Should doctors prescribe the morning-after-pill to teenage girls—even those who don’t request it and don’t currently need it—unbeknownst to their parents? That’s the recommendation the American Academy of Pediatrics made last week when it announced that pediatricians should not only inform their teenage patients about emergency contraception, but should write them a prescription just in case.
Currently emergency contraceptive—sold as Plan B One Step and Next Choice—is available over-the-counter for those 17 and older. Anyone under the age of 17 must have a prescription. As the name implies, the morning-after-pill needs to be taken in a timely manner—within five days of unprotected sex—to be effective. Young women without an advance prescription are less likely to use the drug after unprotected sex than those with a prescription in hand, studies show, prompting the academy’s recommendation.
But what about parents, you might ask. Doesn’t this recommendation bypass parental rights?
The parents I interviewed for my book don’t want their teen children to have sex largely because they see a host of dangers associated with sexual activity. One mother tells her three children, “When you have sex, there’s only the potential for a baby to pop up no matter what precautions you take.” Another commented, “It used to be that getting pregnant was the scary thing of having sex before marriage. That’s one of the nice things that can happen nowadays. There’s some pretty snag nasty diseases running out there.”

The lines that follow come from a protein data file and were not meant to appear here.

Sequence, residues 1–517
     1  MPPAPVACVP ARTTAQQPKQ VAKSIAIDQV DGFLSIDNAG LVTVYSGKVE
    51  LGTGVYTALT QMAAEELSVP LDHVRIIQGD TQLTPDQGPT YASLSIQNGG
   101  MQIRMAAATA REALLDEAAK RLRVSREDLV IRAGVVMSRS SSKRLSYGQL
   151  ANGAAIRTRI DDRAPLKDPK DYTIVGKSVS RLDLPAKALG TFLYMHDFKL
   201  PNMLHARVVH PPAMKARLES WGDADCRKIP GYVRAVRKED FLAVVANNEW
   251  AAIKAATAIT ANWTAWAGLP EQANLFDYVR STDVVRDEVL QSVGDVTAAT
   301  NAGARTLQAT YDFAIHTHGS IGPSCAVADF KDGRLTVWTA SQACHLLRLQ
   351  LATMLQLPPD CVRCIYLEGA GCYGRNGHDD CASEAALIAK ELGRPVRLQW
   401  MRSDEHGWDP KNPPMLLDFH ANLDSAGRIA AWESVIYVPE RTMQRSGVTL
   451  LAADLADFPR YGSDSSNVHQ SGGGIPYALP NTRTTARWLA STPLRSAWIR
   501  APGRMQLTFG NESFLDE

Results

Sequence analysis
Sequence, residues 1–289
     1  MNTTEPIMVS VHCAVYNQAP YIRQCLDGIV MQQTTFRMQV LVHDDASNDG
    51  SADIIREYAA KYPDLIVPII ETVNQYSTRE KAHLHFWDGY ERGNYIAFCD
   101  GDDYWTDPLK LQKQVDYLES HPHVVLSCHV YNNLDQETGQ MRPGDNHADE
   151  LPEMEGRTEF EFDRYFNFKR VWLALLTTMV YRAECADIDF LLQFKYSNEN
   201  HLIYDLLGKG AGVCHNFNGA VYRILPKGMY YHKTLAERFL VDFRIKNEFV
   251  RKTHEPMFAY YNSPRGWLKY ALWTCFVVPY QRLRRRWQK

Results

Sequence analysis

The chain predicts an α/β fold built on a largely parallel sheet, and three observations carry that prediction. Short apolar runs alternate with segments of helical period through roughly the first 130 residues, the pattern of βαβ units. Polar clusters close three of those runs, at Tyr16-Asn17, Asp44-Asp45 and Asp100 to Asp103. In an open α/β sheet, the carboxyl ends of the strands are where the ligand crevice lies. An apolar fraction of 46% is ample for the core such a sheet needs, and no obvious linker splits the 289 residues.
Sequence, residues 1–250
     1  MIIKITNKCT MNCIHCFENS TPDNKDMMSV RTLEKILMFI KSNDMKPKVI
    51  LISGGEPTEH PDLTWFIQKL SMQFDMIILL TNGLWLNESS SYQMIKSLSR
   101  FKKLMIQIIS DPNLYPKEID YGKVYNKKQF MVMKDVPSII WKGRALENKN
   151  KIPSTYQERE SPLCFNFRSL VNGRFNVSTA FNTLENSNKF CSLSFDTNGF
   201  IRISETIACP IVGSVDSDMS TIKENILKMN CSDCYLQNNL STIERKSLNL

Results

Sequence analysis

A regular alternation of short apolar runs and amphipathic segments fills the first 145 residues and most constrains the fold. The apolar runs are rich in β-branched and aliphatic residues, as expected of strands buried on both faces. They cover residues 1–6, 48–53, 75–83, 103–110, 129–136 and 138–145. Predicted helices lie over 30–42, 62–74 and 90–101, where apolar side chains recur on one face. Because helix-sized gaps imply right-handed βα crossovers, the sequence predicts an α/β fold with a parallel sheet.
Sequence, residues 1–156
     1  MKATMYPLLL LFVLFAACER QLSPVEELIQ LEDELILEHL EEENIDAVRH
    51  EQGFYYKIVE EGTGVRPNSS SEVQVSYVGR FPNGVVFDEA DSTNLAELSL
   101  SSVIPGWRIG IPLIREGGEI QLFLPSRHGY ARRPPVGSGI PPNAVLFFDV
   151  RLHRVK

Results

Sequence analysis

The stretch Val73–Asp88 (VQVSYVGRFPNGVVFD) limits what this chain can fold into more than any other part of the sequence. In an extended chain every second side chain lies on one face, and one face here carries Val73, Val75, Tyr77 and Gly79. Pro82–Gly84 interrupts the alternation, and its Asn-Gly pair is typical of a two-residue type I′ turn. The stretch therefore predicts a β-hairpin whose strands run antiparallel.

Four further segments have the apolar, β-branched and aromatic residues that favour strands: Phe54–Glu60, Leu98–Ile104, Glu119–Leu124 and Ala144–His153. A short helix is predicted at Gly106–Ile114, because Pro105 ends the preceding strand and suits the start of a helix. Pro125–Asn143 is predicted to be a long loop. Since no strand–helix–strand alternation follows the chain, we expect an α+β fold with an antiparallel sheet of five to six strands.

In my book, I call this the “danger discourse” of teen sexuality—the notion that teen sexual activity is inevitably and irrevocably dangerous. Abstinence-only sex education has encouraged this way of thinking, along with our increasingly risk-averse culture (especially when it comes to children). Although the risks parents envision around teen sexual activity are exaggerated, their fears are very real.
Yet despite these fears and despite hoping that their children delay sex until marriage or adulthood, parents aren’t fully convinced that teen sexual abstinence is realistic. Parents are grateful to schools, physicians, and other professionals for helping them navigate sexuality with their teen children. Even the most conservative father I spoke with—who emphasized throughout our conversation that he expects his teen son to abstain from sex until marriage—confessed he’s not entirely sure his son will in fact remain abstinent and begrudgingly admitted some relief that his son has learned about contraception in school.
So while a small but vocal contingent of parents will likely oppose the Academy of Pediatrics new recommendation, my bet is that many parents will, however conflicted they may feel, quietly breathe a sigh of relief that they are gaining another anchor of support in their effort to guide their teen children safely through the hazards of sex.